CFCs have a long lifetime in the atmosphere, and so scientists do not expect the hole to close up completely until 2050 at the earliest. Moreover, some of the chemicals, such as fluorinated gases (F-gases), devised to replace ozone depleting substances, are potent greenhouse gases. However, last month’s research shows positive signs that not only has the depletion been halted, but the environmental damage is starting to be reversed.

Policy lessons

Caution is required before seeking to apply the policy lessons of the Montreal Protocol to other global environmental issues like climate change. The reliance of the global economy on carbon-intensive fossil fuels is much greater than it was on ozone depleting substances. The scale of the clean energy transition, and the disruption it will cause, is therefore of a different order of magnitude to the phasing out of CFCs.

However, one important lesson that can be applied is that international agreements on the environment require broad political consensus, forged by strong leadership. Margaret Thatcher and Ronald Reagan were both free-market conservatives. Yet they led the international community in imposing these environmental regulations on businesses. Unlike with ozone depleting substances, there has been a consistent failure to align the negotiating interests and priorities of the major carbon polluting nations, which has limited the effectiveness of international climate agreements to date.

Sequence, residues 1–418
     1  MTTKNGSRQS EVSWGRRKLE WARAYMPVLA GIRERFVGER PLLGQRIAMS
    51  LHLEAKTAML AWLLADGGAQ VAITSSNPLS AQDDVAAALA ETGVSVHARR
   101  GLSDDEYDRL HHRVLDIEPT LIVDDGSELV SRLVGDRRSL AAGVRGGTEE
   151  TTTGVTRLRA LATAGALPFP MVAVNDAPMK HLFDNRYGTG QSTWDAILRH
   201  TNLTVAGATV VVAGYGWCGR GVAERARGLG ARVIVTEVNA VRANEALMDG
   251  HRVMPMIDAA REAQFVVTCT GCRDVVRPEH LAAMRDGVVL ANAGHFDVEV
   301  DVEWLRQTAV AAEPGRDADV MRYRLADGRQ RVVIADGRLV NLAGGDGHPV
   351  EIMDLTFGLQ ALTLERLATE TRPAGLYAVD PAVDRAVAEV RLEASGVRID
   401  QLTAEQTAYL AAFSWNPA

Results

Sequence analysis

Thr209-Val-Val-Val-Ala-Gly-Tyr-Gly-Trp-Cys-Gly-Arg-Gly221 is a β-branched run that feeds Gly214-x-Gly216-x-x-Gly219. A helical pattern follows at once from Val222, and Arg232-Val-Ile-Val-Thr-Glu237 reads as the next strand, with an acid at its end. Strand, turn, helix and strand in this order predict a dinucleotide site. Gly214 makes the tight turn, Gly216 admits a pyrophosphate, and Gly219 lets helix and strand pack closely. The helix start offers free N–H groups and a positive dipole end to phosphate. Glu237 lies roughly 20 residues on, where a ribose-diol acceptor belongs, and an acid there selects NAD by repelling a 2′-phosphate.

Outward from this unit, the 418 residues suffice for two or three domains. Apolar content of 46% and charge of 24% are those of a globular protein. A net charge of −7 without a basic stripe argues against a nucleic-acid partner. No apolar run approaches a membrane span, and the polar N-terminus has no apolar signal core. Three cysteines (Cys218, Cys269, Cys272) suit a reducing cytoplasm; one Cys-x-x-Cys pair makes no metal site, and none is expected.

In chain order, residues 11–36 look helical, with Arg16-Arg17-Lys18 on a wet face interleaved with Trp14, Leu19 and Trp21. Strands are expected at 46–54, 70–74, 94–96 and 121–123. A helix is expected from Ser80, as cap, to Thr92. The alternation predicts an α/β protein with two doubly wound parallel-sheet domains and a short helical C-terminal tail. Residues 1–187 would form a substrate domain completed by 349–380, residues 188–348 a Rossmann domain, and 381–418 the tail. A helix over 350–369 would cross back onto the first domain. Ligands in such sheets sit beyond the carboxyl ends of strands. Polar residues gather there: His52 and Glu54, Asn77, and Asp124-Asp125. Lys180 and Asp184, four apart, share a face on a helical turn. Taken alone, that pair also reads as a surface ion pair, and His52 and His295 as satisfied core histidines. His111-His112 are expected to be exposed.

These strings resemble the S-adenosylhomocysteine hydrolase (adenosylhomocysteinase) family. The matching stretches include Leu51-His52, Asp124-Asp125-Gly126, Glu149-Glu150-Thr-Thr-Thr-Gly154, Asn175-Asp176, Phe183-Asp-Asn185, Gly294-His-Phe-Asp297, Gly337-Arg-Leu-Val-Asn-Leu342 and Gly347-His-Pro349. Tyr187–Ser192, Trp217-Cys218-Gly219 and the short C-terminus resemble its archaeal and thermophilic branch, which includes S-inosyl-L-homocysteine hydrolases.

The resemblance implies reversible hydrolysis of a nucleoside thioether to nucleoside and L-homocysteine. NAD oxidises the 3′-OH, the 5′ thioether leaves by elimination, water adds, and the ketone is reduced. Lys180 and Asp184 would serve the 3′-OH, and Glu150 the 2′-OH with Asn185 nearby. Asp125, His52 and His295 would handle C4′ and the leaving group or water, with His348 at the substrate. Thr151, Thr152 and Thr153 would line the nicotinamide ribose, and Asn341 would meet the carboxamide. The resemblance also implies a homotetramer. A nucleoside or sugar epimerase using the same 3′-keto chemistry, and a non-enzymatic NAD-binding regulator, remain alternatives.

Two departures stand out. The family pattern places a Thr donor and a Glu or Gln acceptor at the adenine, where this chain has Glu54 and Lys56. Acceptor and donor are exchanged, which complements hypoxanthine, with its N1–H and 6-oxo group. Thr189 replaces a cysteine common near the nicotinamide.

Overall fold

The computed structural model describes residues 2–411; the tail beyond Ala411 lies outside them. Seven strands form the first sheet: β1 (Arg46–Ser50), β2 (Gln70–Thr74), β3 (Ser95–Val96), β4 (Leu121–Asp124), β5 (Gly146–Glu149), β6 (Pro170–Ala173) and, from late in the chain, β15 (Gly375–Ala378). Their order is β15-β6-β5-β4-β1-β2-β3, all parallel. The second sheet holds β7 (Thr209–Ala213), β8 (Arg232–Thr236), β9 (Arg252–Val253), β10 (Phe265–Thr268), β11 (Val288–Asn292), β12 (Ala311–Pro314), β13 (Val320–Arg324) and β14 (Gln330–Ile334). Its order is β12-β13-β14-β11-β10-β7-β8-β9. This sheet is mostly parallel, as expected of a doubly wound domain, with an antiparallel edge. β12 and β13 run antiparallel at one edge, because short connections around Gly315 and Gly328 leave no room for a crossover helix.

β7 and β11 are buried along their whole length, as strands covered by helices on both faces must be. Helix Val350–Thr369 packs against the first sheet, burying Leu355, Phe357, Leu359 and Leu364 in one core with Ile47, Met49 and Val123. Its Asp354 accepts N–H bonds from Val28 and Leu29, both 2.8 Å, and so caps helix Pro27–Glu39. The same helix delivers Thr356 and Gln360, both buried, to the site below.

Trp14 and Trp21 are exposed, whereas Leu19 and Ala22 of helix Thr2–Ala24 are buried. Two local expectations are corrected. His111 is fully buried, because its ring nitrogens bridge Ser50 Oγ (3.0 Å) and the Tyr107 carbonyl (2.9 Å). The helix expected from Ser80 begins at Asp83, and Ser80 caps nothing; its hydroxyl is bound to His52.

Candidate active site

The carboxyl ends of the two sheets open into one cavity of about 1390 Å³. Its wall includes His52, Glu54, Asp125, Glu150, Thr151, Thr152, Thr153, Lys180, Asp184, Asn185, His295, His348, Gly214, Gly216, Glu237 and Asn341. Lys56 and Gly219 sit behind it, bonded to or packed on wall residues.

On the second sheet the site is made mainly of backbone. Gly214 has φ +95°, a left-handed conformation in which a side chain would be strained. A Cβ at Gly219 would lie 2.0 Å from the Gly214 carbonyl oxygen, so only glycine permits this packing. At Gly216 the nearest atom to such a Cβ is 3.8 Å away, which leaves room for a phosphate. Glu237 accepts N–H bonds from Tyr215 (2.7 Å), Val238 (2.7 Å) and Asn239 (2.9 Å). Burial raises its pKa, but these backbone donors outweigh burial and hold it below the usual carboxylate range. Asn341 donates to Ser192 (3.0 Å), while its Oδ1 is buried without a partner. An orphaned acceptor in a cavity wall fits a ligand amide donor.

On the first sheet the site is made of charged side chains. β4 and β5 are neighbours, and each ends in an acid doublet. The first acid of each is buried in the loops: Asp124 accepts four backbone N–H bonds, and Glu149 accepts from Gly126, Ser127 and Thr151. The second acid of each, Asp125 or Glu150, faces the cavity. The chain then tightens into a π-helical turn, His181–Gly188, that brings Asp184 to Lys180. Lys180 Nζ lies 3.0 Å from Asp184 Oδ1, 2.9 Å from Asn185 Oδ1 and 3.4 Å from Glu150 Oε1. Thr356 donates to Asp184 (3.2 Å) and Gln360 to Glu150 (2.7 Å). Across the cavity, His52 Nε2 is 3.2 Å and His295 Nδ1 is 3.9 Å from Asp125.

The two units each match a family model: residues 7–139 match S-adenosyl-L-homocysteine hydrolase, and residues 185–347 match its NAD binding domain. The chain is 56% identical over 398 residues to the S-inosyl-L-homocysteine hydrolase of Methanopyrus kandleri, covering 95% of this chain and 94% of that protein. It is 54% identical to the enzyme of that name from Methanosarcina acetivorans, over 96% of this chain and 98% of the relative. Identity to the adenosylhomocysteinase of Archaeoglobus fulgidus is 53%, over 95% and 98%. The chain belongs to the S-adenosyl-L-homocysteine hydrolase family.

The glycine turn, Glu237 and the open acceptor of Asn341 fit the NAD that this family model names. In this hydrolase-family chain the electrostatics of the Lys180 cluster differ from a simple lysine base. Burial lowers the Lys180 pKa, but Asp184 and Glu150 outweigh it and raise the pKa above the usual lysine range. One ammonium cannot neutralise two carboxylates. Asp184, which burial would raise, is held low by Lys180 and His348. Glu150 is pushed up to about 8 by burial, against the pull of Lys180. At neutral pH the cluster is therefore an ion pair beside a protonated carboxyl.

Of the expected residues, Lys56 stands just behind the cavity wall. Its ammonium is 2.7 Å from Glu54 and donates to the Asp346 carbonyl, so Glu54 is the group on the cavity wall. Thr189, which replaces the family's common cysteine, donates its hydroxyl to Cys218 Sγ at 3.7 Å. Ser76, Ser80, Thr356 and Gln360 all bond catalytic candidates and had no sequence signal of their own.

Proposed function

As Bright Blue has argued previously, concern for the environment should not be confined to either the political left or right. Widespread political cooperation on tackling these challenges is vital if international agreements are to have a real impact. The success of the Montreal Protocol is testament to the power of evidence-led, political consensus on environmental threats.

How to build a conservative narrative on climate change and energy

There is a deep and dangerous political polarisation around climate change. Labour voters are twice as likely as Conservative voters to be very concerned about climate change and to accept that it is caused by human activity. Conversely, Conservatives are twice as likely to be unconcerned, feel that climate change has been "exaggerated", or believe that this is a natural process. These findings are found consistently across all polls, including surveys of Members of Parliament. It is important to stress that the key dividing line here lies around "small-c" conservatives values rather than party loyalties and voting patterns; Labour voters with conservative values are more likely to be sceptical of climate change than progressive Conservatives.